Rosneft, govt to define Vankor production plan for 2011 before Aug
MOSCOW. June 23 (Interfax) - Rosneft and the relevant government bodies will determine the 2011 plan for developing the Vankor oil field before August 2010, Rosneft Vice President Mikhail Stavsky told journalists.
The company is discussing the issue with the Finance Ministry and the Energy Ministry, taking into account possible introduction of a discounted export duty on oil from the field, to replace the zero import duty currently in effect, he said.
Oil production from the field in 2010 will total 12.5 million tonnes, in according to company forecasts. Stavsky did not provide a forecast for production in 2011.
However, infrastructure at the field is sufficient to handle production of about 14 million tonnes, he said. Additional infrastructure will be needed to further increase production.
"From the geological standpoint, everything is fine with Vankor. Wells are being drilled, reserves prepared. But from the standpoint of infrastructure, in order to boost production new pads must be built, new facilities. We can pump about 14 million tonnes currently. Further construction will require money," he said.
Those issues are being examined by the working group formed jointly with the Finance Ministry and the Energy Ministry. Vankor is the project making the biggest contribution to growth in Russian oil production, he said. "There is already the understanding that production must not decline," he said.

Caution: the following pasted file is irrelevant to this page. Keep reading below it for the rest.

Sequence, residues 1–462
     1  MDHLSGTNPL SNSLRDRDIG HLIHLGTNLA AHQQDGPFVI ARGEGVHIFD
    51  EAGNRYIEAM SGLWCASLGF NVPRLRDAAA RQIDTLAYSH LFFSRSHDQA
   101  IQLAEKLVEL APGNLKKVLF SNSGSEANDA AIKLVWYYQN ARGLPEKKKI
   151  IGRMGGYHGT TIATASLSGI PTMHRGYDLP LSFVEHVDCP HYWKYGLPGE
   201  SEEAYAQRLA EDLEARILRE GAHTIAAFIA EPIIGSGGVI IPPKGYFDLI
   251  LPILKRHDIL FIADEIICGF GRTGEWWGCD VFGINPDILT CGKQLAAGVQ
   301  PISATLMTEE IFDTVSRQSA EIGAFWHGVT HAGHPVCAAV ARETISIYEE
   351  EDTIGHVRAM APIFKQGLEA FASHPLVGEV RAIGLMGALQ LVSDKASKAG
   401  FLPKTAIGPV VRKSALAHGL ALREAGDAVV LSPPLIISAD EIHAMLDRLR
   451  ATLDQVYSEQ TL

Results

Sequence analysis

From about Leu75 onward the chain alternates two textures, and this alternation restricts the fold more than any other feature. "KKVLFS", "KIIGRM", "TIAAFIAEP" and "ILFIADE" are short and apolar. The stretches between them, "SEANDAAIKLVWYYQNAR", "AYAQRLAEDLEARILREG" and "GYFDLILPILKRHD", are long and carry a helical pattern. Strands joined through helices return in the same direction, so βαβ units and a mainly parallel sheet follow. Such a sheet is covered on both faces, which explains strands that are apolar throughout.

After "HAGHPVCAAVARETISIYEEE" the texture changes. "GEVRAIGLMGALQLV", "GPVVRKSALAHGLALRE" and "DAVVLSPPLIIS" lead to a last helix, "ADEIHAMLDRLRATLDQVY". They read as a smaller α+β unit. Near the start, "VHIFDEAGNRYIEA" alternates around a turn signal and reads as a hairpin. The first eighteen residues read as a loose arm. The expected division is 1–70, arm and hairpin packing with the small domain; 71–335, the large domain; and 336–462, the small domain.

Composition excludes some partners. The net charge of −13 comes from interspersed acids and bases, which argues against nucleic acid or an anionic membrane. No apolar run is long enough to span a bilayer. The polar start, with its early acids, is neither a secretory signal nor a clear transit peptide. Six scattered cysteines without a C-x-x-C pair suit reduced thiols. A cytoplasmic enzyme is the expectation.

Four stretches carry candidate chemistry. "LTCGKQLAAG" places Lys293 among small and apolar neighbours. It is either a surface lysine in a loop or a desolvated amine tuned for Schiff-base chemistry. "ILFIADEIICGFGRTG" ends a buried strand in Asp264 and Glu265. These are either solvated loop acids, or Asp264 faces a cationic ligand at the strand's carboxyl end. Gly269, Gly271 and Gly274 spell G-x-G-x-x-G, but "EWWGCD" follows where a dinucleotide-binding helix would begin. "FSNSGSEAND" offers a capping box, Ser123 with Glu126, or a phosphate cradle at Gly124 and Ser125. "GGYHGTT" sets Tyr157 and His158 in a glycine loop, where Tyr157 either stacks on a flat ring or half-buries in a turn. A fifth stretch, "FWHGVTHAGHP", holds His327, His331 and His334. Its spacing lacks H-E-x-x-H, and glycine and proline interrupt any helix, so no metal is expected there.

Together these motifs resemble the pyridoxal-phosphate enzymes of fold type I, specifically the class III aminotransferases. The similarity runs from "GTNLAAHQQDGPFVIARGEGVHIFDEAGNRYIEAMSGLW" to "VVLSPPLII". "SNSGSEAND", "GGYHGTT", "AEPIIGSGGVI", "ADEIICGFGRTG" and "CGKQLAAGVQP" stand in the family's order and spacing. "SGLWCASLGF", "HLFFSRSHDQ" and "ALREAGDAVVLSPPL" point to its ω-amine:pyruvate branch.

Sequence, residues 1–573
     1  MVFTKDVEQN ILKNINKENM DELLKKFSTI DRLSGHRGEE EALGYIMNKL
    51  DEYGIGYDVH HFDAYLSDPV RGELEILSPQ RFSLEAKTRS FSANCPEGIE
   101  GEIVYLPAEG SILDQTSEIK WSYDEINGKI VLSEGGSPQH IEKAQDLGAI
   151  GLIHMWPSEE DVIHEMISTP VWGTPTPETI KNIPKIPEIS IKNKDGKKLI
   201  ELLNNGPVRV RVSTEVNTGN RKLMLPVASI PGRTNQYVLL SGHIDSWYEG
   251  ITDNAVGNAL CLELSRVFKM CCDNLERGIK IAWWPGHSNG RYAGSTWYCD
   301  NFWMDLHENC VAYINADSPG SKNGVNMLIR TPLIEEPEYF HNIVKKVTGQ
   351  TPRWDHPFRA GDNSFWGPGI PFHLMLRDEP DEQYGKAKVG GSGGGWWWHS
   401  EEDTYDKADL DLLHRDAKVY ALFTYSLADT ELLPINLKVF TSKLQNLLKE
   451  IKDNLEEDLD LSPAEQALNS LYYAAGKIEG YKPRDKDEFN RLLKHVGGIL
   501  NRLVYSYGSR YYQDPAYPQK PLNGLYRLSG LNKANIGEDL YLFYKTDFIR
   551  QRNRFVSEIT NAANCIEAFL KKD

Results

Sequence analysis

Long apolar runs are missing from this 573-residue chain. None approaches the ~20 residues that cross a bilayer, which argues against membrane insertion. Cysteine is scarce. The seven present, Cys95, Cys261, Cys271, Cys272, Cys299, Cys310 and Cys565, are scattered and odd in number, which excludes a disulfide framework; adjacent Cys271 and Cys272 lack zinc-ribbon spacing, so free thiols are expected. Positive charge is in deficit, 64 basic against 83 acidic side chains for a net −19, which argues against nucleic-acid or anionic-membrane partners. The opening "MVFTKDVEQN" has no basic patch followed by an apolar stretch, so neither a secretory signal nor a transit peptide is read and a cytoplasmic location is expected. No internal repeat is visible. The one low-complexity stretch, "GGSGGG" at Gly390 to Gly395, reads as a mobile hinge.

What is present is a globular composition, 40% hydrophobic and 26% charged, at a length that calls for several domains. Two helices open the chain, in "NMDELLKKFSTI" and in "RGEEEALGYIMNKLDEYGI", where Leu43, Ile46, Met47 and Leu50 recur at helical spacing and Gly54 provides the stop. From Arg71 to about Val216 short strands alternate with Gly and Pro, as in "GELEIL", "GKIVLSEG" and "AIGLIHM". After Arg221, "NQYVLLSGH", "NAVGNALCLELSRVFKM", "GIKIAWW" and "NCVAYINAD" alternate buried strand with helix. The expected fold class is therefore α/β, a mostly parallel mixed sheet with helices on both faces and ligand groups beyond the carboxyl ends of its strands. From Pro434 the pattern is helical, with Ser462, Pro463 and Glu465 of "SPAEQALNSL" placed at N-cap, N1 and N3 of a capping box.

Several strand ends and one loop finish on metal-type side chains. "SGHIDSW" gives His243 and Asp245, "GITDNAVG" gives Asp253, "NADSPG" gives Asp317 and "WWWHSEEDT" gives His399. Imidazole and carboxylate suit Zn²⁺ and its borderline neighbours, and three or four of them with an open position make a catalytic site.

Rosneft is adhering to a 20% rate of return on the project, he said.
Rosneft President Sergei Bogdanchikov said previously that Vankor, located in Krasnoyarsk territory, would produce 17 million tonnes of oil in 2011.
A zero export duty has been in effect for oil from 22 fields in Eastern Siberia since January 2010, and all that time the Finance Ministry and Energy Ministry have been debating the usefulness of that tax break. A new method supported by the government presidium and taking effect from July 1 sets the size of the oil export duty at 45% of the amount by which the actual price exceeds $50 per barrel. Once the rate of return for a project reaches 15%, a company would have to pay 100% of the regular export duty.
The Vankor field could achieve a 15% rate of return in 2011, making it the first of the Eastern Siberian fields to lose its eligibility for the reduced export duty.